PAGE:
Broken Arrow Voters Approve $210 Million GO Bond Package
By BOB LEWIS
Extending a tradition that dates back more than three decades, Broken Arrow voters went to the polls on Aug. 28 to approve a $210 million general obligation bond issue designed to help fuel community growth for the next 10 years.
Unofficial results late Tuesday showed all six propositions passed with margins ranging from 63 percent to 75 percent.
Given the green light by voters were $142.6 million for transportation; $20.3 million for public safety; $17.7 million for parks and recreation; $16.8 million for public facilities; $7.5 million for stormwater handling, and $5.5 million for drainage.
In all, 88 different projects were on the ballot, including the widening of Houston (81st) Street from Garnett Road to Aspen (145th East Avenue); the widening of 23rd Street (County Line Road) between Omaha (51st) and Albany (61st) streets; improvement of intersections on 9th Street (Lynn Lane) near Highway 51; construction of Fire Station No 7, construction of a Senior Citizen Center annex, and a myriad of quality of life improvements across the city.
Despite the size and scope of the bond package, officials note it is below the city’s bonding capacity meaning all the undertakings listed will be completed without the need to increase taxes.
Russell Peterson, president of the Build A Better Broken Arrow Committee, a community service organization founded to help shape and promote bond proposals for the city and school district, applauded voters for their continuing support, even though this proposal was different from any they have seen before.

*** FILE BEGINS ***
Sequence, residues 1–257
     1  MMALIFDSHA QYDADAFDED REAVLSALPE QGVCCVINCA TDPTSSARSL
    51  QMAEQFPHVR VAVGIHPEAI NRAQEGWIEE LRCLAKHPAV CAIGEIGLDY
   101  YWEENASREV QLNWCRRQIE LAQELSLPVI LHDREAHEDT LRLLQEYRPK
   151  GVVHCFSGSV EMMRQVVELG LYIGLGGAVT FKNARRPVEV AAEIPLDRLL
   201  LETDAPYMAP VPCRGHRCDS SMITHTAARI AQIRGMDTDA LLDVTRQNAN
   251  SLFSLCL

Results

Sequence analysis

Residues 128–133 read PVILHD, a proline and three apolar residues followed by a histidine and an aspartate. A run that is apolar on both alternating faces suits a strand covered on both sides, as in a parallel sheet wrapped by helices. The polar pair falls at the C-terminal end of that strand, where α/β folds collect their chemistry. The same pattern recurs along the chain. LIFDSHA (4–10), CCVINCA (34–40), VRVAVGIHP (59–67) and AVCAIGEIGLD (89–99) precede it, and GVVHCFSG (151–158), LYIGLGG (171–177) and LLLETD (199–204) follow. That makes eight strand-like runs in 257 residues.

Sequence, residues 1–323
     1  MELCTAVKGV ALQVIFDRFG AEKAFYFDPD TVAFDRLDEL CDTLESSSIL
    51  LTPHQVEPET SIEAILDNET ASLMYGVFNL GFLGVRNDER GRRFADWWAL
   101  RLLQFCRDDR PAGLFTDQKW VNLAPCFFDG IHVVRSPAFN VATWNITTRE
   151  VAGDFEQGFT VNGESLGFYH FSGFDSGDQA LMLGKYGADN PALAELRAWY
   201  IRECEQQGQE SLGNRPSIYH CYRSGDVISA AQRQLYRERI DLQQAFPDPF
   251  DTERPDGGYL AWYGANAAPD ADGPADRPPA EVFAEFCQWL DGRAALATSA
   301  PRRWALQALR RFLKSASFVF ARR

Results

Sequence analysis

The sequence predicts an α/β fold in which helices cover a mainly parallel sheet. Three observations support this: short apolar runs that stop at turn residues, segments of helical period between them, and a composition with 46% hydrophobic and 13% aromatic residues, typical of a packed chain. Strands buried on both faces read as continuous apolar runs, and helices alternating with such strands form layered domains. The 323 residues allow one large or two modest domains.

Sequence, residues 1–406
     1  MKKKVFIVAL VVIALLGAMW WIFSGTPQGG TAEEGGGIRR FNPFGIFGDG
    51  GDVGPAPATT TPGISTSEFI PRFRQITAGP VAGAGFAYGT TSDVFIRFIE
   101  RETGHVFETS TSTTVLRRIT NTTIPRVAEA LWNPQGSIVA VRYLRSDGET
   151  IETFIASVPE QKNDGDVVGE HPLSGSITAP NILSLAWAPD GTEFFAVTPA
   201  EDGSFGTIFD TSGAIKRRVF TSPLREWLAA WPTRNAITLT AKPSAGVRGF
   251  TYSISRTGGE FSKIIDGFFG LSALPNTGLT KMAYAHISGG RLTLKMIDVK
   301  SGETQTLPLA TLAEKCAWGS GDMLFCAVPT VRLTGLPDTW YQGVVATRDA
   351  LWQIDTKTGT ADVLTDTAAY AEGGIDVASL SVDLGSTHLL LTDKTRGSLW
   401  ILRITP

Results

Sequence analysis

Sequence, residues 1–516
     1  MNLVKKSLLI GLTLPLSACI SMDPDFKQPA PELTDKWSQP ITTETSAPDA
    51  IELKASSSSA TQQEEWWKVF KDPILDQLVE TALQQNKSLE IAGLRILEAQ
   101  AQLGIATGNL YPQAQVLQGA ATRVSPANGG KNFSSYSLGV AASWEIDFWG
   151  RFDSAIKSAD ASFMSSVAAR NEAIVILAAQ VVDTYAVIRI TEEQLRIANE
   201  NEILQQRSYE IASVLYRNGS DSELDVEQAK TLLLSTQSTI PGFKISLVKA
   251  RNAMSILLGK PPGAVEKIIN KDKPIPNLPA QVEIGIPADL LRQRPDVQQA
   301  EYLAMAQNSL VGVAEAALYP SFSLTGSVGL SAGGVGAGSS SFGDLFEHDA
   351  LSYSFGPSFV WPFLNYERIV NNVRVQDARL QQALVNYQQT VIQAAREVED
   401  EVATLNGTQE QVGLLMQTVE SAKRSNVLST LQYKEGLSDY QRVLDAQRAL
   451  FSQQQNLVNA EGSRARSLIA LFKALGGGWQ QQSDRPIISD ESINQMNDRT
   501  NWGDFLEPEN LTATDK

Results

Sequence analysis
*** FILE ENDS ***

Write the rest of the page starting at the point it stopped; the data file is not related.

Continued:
“In the 30 years I have been involved in this type of activity, the city has focused on smaller bonds to meet infrastructure needs in three- to four-year steps. This time they really thought outside the box to give us a 10-year blueprint for growth,” he said.
Pointing to highly coveted national livability awards presented to Broken Arrow this year by the National Council of Mayors and the Institute For Building Technology and Safety, Peterson pointed out that B.A. has transformed itself from being a small suburb of Tulsa and voter support cements its position as a “big deal” on a local, statewide and regional basis.
City leaders agreed. “Broken Arrow is fortunate to remain on a growth trajectory in both population and businesses. As the city continues to grow in families and employers, it is critical to have aggressive long-term projects to ensure our infrastructure is able to meet the needs of both,” according to a posting on the bond issue’s website.